Resveratrol and quercetin are polyphenols which have been detected in significant amounts in green vegetables, citrus fruits, and red grape wines. Beneficial effects attributed to these compounds include anti-inflammatory, antiviral, and antitumor properties. Resveratrol and a combination of resveratrol and quercetin, in concentrations equivalent to that present in red wines, are effective inhibitors of oral squamous carcinoma cell growth and proliferation. [17],[27],[28]

Protocatechuic acid and costunolid

Protocatechuic acid (3,4-dihydroxybenzoic acid) is a simple phenolic compound widely distributed in nature. Like many other simple phenolic acids, protocatechuic acid is detected in almost all plants and is, therefore, a very common component of human diet, such as the bran and grain brown rice (Oryza sativa L.) and onion (Allium cepa L.), especially in the scales. [11] The mechanism of the preventive action of protocatechuic acid is based on its antioxidant property, i.e., inhibition of the generation of free radicals, and ability to scavenge the free radicals and increase the catalytic activity of endogenous enzymes involved in the neutralization of free radicals. It is important that the impact of protocatechuic acid on the activity of enzymes involved in Phase I and II biotransformation of carcinogens and, possibly, direct blocking of specific binding sites of carcinogens with DNA molecule. Other aspects regarding the impact on the activity of cyclooxygenase-2, inducible nitric oxide synthase (iNOS), inflammatory cytokines, and the proteins regulating cell cycle process are poorly understood. [29] Suzuki, et al. (2003) suggested that dietary protocatechuic acid inhibits progression of 4-nitroquinoline 1-oxide induced oral carcinogenesis, and such inhibition might be related to suppression of cell proliferation by protocatechuic acid. [30]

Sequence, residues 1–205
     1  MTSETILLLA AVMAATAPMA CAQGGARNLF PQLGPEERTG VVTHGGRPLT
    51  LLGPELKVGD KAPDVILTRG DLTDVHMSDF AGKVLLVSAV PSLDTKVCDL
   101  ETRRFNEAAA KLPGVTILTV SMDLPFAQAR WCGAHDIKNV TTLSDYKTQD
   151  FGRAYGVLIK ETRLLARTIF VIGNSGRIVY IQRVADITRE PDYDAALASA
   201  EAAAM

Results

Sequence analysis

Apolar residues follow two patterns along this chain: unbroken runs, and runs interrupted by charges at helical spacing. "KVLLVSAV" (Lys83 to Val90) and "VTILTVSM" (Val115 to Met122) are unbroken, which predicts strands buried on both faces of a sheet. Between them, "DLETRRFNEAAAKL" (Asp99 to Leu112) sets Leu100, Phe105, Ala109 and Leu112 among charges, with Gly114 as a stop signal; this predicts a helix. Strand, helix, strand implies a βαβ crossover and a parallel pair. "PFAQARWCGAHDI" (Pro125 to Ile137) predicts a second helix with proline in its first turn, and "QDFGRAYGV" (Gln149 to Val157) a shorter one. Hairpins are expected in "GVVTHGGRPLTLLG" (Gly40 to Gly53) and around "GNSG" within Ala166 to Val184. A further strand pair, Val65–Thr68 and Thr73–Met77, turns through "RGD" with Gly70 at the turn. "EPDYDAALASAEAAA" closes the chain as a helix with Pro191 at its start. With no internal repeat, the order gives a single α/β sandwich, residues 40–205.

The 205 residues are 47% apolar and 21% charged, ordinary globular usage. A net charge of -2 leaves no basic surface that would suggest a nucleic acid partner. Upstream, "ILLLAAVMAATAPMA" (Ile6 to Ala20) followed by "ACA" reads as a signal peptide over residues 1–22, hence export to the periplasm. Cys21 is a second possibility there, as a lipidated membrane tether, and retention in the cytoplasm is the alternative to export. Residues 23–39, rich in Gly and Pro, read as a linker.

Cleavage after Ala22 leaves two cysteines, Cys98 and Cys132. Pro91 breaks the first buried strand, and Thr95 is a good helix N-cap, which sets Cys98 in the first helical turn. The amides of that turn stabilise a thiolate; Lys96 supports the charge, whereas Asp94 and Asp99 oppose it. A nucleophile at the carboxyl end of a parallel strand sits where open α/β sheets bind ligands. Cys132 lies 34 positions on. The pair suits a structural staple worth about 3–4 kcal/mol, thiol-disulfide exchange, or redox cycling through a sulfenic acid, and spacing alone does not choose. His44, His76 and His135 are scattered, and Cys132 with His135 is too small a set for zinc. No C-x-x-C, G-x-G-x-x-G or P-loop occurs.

Lycopene